Streaming deal reached


Record companies and small Webcasters struck a deal Sunday night on royalty
fees for streaming content on the Web.

Details have yet to emerge, but the deal between the Recording Industry
Association of America and VOW (the Voice of the Webcasters), representing some
15 Webcasters, calls for "significant" discounts below what the Copyright
Arbitration Royalty Panel set for the small Webcasters.

The two-year deal also includes an installment plan for retroactive payments
covering 1998 through today -- some Webcasters had said a lump sum was too big
a hit.

House Judiciary Committee chairman James Sensenbrenner (R-Wis.) had suspended
a bill on the issue last week in anticipation of the deal. That bill, which
would have either suspended royalty payments until the issue was resolved --
both sides appealed the rates in court -- or codified a new agreement, is
scheduled to be debated Monday. Webcaster royalty payments are slated to begin Oct. 20.

The National Association of Broadcasters, which wasn't a party to the agreement, continues to maintain that broadcasters should not have to pay anything to stream their signals and that Congress, in the digital Millennium Copyright Act (DMCA), meant to exempt not only analog broadcasts from performance royalties but also digital Internet broadcasts. NAB charges that there was a gross misinterpretation of the DMCA by the Librarian of Congress. NAB has appealed the payments. The case is expected to be heard in December in a Philadelphia circuit court. It has also petitioned for a stay of the payments until that case is decided.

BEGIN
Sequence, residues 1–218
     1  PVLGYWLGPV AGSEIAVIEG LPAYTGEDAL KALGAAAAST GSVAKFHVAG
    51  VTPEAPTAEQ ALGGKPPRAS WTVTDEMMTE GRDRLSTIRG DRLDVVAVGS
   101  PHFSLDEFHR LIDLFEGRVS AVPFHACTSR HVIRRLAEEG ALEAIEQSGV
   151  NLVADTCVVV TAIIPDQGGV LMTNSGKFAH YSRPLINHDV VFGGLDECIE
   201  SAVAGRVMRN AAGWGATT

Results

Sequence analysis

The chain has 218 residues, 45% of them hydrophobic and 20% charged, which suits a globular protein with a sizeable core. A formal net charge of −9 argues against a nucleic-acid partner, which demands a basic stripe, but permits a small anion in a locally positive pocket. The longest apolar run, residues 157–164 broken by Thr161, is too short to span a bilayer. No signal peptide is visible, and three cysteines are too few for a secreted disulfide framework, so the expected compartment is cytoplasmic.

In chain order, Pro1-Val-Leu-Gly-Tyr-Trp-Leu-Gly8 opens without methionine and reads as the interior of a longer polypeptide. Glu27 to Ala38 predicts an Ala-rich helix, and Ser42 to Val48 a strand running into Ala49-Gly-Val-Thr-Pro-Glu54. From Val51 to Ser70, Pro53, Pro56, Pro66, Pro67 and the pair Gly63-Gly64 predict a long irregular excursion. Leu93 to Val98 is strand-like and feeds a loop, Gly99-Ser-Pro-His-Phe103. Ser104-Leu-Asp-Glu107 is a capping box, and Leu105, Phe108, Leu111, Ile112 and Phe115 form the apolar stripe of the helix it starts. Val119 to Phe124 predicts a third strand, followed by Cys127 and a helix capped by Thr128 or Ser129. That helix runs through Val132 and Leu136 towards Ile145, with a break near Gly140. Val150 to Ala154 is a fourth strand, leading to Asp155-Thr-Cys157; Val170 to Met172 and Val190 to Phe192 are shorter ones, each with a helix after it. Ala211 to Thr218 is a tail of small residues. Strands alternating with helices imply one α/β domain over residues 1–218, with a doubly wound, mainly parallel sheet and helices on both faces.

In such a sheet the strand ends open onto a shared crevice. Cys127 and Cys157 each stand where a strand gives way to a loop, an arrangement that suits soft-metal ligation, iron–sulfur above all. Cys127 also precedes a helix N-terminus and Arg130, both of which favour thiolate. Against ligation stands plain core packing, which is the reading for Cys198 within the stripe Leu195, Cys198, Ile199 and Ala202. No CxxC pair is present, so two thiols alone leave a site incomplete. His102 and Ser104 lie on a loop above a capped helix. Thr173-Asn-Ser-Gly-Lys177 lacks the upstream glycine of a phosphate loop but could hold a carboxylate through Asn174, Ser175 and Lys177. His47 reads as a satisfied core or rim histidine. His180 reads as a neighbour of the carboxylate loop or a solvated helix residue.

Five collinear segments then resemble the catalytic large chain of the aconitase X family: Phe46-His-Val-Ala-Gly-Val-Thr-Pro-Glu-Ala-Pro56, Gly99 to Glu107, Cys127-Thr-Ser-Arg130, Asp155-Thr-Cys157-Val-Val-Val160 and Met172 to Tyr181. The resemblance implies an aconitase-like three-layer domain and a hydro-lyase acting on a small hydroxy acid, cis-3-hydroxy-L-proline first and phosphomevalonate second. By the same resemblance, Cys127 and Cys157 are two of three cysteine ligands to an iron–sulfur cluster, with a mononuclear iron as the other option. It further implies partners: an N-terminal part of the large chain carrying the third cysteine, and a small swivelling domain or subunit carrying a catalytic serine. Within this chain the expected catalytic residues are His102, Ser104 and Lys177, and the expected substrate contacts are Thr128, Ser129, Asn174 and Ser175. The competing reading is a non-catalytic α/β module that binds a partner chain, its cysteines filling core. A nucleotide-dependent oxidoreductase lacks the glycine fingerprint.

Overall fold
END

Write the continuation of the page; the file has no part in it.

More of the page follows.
In a joint statement, the RIAA and VOW said: "The Recording Industry Association of America and the Voice of the Webcasters announce their support for H.R. 5469, the Small Webcaster Amendments Act of 2002. This Act sets rates and terms for the period of 1998 through 2004 for the use of sound recordings on small commercial Internet Webcasting stations. The act embodies compromises for everyone involved. We appreciate the assistance of congressional leaders in helping move this process along. We look forward to building business partnerships that create the best possible music experience for fans."